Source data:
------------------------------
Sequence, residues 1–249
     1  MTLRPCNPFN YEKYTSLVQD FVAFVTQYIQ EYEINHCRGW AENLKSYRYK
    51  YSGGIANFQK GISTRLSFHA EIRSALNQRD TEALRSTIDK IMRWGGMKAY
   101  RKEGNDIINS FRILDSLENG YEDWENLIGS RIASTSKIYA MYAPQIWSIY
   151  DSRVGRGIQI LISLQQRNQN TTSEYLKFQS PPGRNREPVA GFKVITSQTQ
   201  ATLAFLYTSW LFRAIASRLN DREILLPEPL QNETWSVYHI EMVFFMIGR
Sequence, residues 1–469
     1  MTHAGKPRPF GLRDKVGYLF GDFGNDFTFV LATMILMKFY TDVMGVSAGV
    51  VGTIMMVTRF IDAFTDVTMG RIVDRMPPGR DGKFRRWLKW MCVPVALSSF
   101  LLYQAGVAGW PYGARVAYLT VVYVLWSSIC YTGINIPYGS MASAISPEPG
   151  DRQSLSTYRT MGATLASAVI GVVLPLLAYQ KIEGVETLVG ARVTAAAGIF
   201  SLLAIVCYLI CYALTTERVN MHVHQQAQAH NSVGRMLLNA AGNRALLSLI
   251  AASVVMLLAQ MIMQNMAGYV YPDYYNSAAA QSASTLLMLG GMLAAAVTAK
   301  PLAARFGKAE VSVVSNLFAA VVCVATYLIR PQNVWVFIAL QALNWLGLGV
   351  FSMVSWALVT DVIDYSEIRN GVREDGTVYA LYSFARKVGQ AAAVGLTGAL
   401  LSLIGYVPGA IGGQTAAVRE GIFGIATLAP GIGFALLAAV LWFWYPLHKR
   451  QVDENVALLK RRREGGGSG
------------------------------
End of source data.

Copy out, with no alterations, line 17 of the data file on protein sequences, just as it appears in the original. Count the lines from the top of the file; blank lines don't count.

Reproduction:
   451  QVDENVALLK RRREGGGSG